Known originally for: Pioneering photo technology as we knew it and introducing a sense of class to both the disposable and polaroid camera…

Now thought of as: A once amazing company that failed to follow technology into the world of digital and subsequently faced insolvency.


Don’t get left behind…

cookie-law

Rob

April 27th, 2012.

Cookie Law implementation ideas

 

I am yet to find many examples of ways in which companies have implemented their Cookie alerts on their website.

This is probably not surprising as it’s yet to come in but the day is drawing near.

Here are some examples.  I will add more as I find them.  Please feel free to suggest your own.

 

Virgin.com – Wow you’ve got to be keen to bother reading all that.  And still the buttons are confusing.

What about “Yes please, use cookies.”  “No thanks I don’t want cookies”

 

 

 

 

 

 

 

 

 

 

 

 

 

 

 

BT.com

Quite sneaky here.  BT have popped the box at the bottom right hand side of the page.  Be quick though as it disappears after 20 seconds.  Also you need to have a lot of time on your hands to decide which cookies to accept and which not to.

 

Zebedee Creations

These guys have had their policy in place for over a year which is quite surprising.  It reminds me of the moment in Blackadder II where on a voyage of discovery with Captain Rum the water runs out aboard ship and they have to turn to drinking their own urine only to find out that Baldrick has been drinking his own for a year already – he prefers the taste!

Nice simple solution though.

 

 

 

 

 

 

 

 

 

 

 

 

 

 

 

 

 

 

 

 

www.eu-cookie-law.com

Simple solution, which disappears after about 10 seconds.  Presumably they think that not actively agreeing is presumed acceptance? Is this legal?

Jan

April 21st, 2011.

Establishing online business credibility with ‘About Us’ page

Having a good ‘About Us’ page allows you to show off who you are, what you do and it allows to make people more comfortable doing a business with your company. Unfortunately, this page is being sometimes overlooked, as the perception is that it’s not that important.

However, according to a Stanford Web Credibility Research, they derived 10 guidelines/factors which effects websites credibility, 3 of them relating to your ‘about us’ page (based on a 3 year, 5500 person study):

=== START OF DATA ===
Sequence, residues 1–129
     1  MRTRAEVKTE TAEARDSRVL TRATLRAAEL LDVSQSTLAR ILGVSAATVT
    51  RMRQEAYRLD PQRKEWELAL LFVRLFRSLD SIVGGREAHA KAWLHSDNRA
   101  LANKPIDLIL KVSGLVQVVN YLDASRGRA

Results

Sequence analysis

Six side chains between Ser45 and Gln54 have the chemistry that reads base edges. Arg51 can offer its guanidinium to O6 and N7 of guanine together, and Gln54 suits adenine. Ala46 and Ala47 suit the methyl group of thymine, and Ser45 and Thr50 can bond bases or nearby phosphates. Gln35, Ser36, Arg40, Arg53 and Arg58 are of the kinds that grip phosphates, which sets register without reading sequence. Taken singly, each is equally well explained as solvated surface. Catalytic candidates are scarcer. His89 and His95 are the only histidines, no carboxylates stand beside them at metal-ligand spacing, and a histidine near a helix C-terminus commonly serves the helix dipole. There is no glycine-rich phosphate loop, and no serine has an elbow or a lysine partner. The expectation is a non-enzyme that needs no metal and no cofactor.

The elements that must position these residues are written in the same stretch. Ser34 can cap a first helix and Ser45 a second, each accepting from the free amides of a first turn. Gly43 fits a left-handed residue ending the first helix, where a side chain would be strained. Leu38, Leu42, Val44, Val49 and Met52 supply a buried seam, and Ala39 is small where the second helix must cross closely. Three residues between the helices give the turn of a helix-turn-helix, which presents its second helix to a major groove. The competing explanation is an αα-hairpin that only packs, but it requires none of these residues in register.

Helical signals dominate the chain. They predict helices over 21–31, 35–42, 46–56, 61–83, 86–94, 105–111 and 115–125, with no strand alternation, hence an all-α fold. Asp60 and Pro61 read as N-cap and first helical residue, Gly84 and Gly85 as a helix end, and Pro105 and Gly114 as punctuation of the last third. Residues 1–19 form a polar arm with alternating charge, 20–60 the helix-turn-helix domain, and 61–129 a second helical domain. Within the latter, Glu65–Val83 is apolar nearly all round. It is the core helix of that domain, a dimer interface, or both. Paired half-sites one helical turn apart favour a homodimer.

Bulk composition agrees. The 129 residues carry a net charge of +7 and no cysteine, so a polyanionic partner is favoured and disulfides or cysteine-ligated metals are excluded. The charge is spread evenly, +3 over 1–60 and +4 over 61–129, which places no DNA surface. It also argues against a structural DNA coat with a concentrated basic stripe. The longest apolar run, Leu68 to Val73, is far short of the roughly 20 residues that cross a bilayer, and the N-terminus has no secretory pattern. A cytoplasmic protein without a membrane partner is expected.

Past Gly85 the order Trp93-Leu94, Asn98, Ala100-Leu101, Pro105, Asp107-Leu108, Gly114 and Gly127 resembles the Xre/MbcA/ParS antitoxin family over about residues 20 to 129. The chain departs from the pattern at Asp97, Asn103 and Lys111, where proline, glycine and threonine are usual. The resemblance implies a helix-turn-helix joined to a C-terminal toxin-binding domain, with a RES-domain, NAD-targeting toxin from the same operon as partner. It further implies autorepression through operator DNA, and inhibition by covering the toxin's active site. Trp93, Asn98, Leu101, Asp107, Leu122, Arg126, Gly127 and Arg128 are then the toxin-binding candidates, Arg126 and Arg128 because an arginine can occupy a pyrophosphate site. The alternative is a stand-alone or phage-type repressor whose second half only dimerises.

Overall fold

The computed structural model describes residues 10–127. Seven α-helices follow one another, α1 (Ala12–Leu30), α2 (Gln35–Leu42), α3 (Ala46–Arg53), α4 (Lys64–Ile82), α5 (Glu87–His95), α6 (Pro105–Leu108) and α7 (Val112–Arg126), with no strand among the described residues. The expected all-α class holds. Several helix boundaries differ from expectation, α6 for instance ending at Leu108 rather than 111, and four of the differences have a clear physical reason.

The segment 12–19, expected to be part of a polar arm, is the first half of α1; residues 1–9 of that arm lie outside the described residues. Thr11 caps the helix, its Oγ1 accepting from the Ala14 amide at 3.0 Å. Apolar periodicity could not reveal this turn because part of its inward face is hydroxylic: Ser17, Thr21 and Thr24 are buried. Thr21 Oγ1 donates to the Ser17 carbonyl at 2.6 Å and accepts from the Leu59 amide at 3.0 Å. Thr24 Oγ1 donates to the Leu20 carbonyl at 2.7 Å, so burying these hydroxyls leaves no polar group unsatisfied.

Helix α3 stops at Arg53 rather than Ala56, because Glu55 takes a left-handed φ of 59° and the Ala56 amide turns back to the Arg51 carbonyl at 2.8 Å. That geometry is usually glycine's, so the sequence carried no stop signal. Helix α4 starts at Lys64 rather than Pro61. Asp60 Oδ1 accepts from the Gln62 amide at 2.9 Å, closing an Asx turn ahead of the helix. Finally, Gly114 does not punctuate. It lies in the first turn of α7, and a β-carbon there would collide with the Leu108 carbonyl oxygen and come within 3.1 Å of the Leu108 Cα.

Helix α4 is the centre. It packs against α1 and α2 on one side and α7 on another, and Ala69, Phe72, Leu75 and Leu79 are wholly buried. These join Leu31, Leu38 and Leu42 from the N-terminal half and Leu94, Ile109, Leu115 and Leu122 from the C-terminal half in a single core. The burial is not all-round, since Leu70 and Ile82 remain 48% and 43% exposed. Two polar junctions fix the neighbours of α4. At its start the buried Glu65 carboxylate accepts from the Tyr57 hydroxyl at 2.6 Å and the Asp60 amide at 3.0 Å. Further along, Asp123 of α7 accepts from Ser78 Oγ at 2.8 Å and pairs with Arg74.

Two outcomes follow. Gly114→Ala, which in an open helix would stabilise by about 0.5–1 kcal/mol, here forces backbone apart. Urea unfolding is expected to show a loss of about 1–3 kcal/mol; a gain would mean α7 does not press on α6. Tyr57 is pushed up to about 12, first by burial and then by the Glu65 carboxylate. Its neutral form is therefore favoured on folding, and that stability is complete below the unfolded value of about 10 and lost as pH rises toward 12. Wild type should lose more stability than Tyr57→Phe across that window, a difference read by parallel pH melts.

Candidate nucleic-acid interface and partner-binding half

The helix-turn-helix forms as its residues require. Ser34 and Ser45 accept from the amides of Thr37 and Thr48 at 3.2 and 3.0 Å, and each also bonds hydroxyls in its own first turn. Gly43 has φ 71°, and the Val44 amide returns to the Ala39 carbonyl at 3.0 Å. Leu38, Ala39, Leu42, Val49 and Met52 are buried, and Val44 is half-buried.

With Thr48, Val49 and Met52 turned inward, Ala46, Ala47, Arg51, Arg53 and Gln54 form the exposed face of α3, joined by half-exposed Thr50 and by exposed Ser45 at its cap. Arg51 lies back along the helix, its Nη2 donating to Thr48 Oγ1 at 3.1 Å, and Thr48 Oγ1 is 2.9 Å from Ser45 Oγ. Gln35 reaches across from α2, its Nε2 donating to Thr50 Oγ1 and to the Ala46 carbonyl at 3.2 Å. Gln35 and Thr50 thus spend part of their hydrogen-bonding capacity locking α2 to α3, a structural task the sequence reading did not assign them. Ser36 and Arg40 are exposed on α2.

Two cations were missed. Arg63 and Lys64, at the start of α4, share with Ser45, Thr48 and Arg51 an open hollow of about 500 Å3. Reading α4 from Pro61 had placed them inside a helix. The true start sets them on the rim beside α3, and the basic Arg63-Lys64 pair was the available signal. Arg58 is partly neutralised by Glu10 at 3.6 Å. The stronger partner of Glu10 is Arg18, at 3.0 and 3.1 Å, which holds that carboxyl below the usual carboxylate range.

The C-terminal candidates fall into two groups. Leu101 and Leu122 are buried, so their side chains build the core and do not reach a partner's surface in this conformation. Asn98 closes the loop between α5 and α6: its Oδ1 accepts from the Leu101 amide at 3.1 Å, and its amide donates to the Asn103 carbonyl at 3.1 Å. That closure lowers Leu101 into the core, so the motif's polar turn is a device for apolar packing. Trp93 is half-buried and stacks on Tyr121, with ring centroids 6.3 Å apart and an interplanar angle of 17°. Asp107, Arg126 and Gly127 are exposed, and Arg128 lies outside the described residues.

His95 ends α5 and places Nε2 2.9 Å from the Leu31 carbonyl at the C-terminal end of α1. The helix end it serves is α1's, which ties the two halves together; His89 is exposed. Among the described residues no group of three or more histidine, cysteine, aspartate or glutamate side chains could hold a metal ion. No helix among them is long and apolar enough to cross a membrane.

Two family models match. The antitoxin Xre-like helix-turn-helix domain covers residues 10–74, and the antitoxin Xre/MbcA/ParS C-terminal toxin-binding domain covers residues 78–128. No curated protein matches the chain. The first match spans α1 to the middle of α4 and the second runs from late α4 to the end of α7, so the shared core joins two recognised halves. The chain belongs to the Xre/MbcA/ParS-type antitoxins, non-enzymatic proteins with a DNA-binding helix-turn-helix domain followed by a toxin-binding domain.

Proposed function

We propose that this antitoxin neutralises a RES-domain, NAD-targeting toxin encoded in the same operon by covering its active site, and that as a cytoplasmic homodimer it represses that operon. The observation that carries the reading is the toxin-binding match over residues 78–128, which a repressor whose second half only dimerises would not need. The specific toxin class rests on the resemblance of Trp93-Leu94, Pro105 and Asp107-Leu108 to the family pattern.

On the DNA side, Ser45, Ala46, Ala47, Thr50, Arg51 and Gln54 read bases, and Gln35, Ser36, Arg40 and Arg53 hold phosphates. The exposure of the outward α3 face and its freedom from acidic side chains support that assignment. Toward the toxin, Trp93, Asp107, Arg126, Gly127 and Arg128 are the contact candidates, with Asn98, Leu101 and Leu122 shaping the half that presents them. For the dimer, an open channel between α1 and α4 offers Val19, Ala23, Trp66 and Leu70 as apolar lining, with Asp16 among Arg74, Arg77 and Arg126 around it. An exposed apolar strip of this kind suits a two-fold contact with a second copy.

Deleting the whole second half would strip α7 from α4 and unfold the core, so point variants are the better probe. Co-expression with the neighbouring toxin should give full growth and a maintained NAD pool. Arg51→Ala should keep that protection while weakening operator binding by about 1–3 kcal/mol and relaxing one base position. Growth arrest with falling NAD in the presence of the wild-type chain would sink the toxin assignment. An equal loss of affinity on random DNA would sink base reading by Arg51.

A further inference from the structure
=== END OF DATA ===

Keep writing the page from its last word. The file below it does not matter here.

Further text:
• Show that there is a real organization behind your site
  • Highlight the expertise in your organization
  • Show that honest and trustworthy people stand behind your site

Naturally, testing a different version of your ‘About us’ page should be on your to-do test list. Unfortunately, in most cases ‘About us’ pages get at most several hundred visitors per month, which is not enough to come with statistically valid results within your 6 weeks test period. In this case, here is the list of 3 must have things an ‘About us’ page for small and medium businesses should definitely have if you want to get more sales:

3 Must Haves

  1. Pictures of your office and your team
  2. A passionate story behind your company showing your values
  3. Peoples bio (credentials, certificates, training)

Here is the list of some ‘About us’ pages for your inspiration.

Creative examples:

www.dropbox.com

www.hunch.com

www.technologywithpassion.com (nice animation)

www.tribal.nl (nice animation)

www.6wunderkinder.com

 

Business (ecommerce + service + corporate) examples:

www.gupuds.com

www.crutchfield.com

www.brooksgroup.com

www.fridaysmove.com

www.bigcommerce.com

 

Rob

February 17th, 2011.

Time delay video of the Taylor Herring website build

We’re delighted to announce the launch of a new site for Taylor Herring PR consultancy.

We rebranded the company with a new logo and new identity.  We redesigned the website and developed it using Datadial’s content management system

If you have never had the pleasure of watching how a website is put together then now’s your chance.  Watch the video below.

Matt

October 28th, 2010.

Optimising Social Media Landing Pages

Maximising the benefit of social and viral traffic is frequently a concept that is misunderstood by site owners looking at huge traffic spikes in their analytics accounts.

Great, 50k visits, how many sales?

None? What a waste of time!

Many years ago when I used to work in sales a key to a successful appointment was sticking to the habit of asking yourself,

What is the minimum I’m going to expect from this call or meeting?

For many salespeople its the sale, which in most cases just isn’t realistic. The minimum an intelligent salesperson expects from a contact is an invite to get in-touch again. Its building on this relationship that creates long-lasting rewarding partnerships.

I have always approached social media with the same kind of mindset. For the vast majority of people that land on your pages, particularly on viral and linkbait type content its the first time that they have had any contact with your brand. – What is the minimum you’ll expect? A sale, or an invite to get in contact again?

I have mocked-up below a before and after of a typical blog landing page.

Before (click for a larger version)

blog landing page

After (click for a larger version)

The key changes to the page include,

  • Adding easily visible subscribe options to a prominent area of the page, including the ability to subscribe by RSS or email.
  • Prominent social media voting buttons at both the top and bottom of a post. Many social media users are members of multiple sites. Many may arrive from Twitter for example and then wish to Digg a story. Make it as easy as possible for them to do this.